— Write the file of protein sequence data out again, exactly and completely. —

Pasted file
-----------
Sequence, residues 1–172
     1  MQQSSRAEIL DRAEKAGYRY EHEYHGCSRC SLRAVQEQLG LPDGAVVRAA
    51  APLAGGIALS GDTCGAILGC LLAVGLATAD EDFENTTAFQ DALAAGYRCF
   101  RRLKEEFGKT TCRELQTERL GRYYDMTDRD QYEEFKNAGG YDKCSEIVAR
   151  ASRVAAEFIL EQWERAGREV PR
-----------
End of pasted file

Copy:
Sequence, residues 1–172
     1  MQQSSRAEIL DRAEKAGYRY EHEYHGCSRC SLRAVQEQLG LPDGAVVRAA
    51  APLAGGIALS GDTCGAILGC LLAVGLATAD EDFENTTAFQ DALAAGYRCF
   101  RRLKEEFGKT TCRELQTERL GRYYDMTDRD QYEEFKNAGG YDKCSEIVAR
   151  ASRVAAEFIL EQWERAGREV PR